The robotic industry is one of the fastest growing industries, with more and more manufacturers turning to automation with robots like the FANUC M-20ia. Industrial robots have taken over the dangerous, tedious, and repetitive tasks that were once only performed by humans. However, industrial robots themselves can be hazardous to the people and environment around them. Robotic safety standards have been put in place in order to regulate robot operation, protect workers, and to create a safe work environment.
There are many different versions of robotic safety standards and each country typically has their own set of guidelines. In general, robotic safety standards consist of a collection of guidelines for robot specifications and operation which must be followed by all interests in the manufacture, sale, and use of industrial robots. The safeguarding of industrial robots, such as the Motoman HP20, is designed to protect humans allowing robots to function in the most efficient, productive, and precise manor in order to better serve users. The most common safety standards for robots come from the American National Standards Institute (ANSI), the International Organization for Standardization (ISO), and the Occupational Safety and Health Administration (OSHA).
American National Standards Institute
The ANSI is the U.S. safety standard for regulating the proper use of safety devices integrated with robots and robotic systems. It also provides guidelines for the integration of robots in manufacturing facilities or other work environments. The ANSI states requirements for the manufacture, remanufacture, installation, and safe guarding methods to protect those associated with the operation of industrial robots. These guidelines are also associated with the Robotic Industries Association (RIA).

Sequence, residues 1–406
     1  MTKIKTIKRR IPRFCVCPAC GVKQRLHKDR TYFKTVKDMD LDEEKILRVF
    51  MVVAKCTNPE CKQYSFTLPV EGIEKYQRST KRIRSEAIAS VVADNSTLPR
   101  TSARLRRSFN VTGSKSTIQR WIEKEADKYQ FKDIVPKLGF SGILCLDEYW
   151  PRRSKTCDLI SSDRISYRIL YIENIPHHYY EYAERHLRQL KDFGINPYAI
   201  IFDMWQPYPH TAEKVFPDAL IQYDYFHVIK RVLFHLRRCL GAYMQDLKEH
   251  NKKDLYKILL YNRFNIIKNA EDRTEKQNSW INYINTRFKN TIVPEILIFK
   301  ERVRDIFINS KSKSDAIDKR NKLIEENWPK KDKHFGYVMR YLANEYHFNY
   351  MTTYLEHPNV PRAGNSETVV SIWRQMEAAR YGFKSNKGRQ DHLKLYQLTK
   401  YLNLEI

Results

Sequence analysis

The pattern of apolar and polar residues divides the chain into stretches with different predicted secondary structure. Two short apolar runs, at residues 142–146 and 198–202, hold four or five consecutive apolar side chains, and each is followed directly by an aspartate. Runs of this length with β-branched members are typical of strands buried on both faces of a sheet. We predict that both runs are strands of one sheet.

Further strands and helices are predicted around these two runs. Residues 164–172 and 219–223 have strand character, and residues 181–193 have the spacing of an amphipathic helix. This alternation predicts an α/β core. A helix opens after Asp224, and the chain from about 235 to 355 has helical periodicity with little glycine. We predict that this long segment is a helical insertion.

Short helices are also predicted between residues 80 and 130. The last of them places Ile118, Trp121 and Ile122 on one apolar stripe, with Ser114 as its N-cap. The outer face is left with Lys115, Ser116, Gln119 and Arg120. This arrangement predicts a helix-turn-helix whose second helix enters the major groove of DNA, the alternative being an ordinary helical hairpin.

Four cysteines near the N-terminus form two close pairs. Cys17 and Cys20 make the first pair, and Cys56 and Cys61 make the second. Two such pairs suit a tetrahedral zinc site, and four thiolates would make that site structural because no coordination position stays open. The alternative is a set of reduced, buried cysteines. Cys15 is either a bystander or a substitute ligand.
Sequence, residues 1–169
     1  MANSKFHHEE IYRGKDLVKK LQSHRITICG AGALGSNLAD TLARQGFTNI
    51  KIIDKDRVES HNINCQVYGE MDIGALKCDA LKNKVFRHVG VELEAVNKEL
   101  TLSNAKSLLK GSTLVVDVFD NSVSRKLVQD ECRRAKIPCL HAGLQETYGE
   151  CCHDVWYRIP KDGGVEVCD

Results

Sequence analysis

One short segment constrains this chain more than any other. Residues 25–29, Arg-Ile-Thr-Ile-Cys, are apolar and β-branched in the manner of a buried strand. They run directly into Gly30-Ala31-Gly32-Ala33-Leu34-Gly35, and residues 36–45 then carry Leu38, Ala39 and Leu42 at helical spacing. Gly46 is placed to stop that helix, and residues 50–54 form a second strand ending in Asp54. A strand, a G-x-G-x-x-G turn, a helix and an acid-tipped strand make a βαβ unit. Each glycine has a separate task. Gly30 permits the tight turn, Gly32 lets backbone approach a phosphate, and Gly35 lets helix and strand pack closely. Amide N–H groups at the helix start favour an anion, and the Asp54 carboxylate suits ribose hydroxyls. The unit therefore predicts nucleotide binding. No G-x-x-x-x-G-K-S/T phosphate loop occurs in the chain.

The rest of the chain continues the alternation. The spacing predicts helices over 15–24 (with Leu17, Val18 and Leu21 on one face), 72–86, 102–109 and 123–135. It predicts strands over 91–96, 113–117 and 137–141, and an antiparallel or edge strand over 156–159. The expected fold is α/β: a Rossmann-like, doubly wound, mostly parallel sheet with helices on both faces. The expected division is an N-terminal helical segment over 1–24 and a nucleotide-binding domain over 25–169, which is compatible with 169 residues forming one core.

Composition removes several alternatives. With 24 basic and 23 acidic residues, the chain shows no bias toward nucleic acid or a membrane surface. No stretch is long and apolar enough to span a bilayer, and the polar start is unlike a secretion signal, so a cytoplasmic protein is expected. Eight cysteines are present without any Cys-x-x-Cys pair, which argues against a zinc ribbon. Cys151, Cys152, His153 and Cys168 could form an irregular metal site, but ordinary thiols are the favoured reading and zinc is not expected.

The ANSI/RIA R15.06-1999 is the most extensive ANSI standard, but the most recent version is the ANSI/RIA R15.06-2012. This latest ANSI standard is an adoption of the ISO safety regulations in order to achieve global compliance with international guidelines for easier use and sale of industrial robots. In the U.S. it is common to see a robot such as the ABB IRB 2600 or a robotic workcell, like the Motoman Arcworlds referenced as ANSI/RIA R15.06-2012 compliant. This signifies the robotic equipment is up to date on the latest safety protocols to ensure complete workforce safeguarding.
International Organization for Standardization
The ISO safety standard serves as the international set of guidelines for robotic safeguarding. It is the central safety standard for robots and robotic workcells with many standards, including the ANSI’s mentioned above, having been adopted from it. ISO standards have been developed for the unification and assimilation of robot safeguarding protocols.
The ISO 10218:2011 is the most recent version of the international safety standard and consists of two parts. The first part of the ISO outlines safety protocols specifically for the robot, robot arm, and controller. While the second part details safeguarding of the entire industrial robot system including the EOAT, workpieces, and any peripheral equipment. This is another safety standard that is commonly referenced, especially with robotic workcells including arc welding robots.
Occupational Safety and Health Administration
While OHSA does not have a specific robot requirement in its guidelines, industrial robot safeguarding does fall under their General Duty Clause. This clause requires a safe and healthy workplace be provided by employers. It outlines an employee’s work environment should be free from hazards and refers to the ANSI regulations.
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